I am now just over six months into a new position in a new ministry, and there are some things I’m starting to realize about my own leadership. Today, the first one: moving too fast.

Timing is delicate. Waiting for the right time requires experience and intuition, neither of which come effortlessly. Even someone with intuition learns to trust it over time.

There has been one element of the ministry where I am where I feel like I was running down the sideline and the ball popped up. We were moving along, and I thought I could see the straight path to where we would end up, only to realize the progress may not be as fast as I had hoped.

But that’s okay, because that means we get to re-evaluate and re-calibrate. So often, the element that keeps us from moving at the speed we think we should move is exactly what needs attention in the moment. Address the need, move forward.

Find the balance between stalling and addressing the need, though. Occasionally, some people and elements will resist movement and, dare I say, need to be dragged along. But more often than not, taking a moment to address the feelings in the room and evaluate the direction provides a solid way to continue moving forward.

What situation do you find yourself facing today? Are you possibly moving too fast, in need of a moment to stop and pick up the ball before you move further along? Are you willing to do that? Leaders have to be mindful of the people they are leading and how to help them move forward.

The Practice Field

The Practice Field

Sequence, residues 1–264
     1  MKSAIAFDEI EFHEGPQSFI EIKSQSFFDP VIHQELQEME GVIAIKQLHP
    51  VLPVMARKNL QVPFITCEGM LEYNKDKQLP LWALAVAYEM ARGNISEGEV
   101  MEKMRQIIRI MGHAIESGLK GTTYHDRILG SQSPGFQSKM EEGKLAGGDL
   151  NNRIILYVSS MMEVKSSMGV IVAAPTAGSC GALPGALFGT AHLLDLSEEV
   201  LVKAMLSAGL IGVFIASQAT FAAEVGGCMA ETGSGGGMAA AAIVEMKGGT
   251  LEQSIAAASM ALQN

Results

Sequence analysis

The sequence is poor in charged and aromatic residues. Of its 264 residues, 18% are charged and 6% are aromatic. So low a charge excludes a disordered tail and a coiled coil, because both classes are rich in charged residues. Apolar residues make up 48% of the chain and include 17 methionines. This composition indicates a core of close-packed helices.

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Football. I grew up in a time before turf fields were readily accessible to small high schools. That meant two things: 1) our main field was grass and had to be watered to be maintained; and 2) we had a practice field.

Now, our practice field was slightly more than dirt. We would utilize every spare patch of grass for tackling drills, just so we didn’t get unnecessarily scraped and cut on the dirt.

Now, schools have turf fields and I regularly see high school teams practicing their game field, which makes perfect sense.

But I realized something yesterday. There’s a disparity between practice and performance. Growing up, I think people expected we had spent time practicing during the week, but the crowd showed up for the performance.

If you do the math, we spent significantly more time on the run down practice field than we did on the lush game field. Why? Because our development in practice meant success in the game.

Let me say that again: Our development in practice meant success in the game.

The same is true of leadership. The amount of time I spend preparing myself to lead through reading books and blogs, listening to podcasts, and seeking to learn from other leaders helps me develop as a leader. My development outside of leadership situations means success in leadership situations.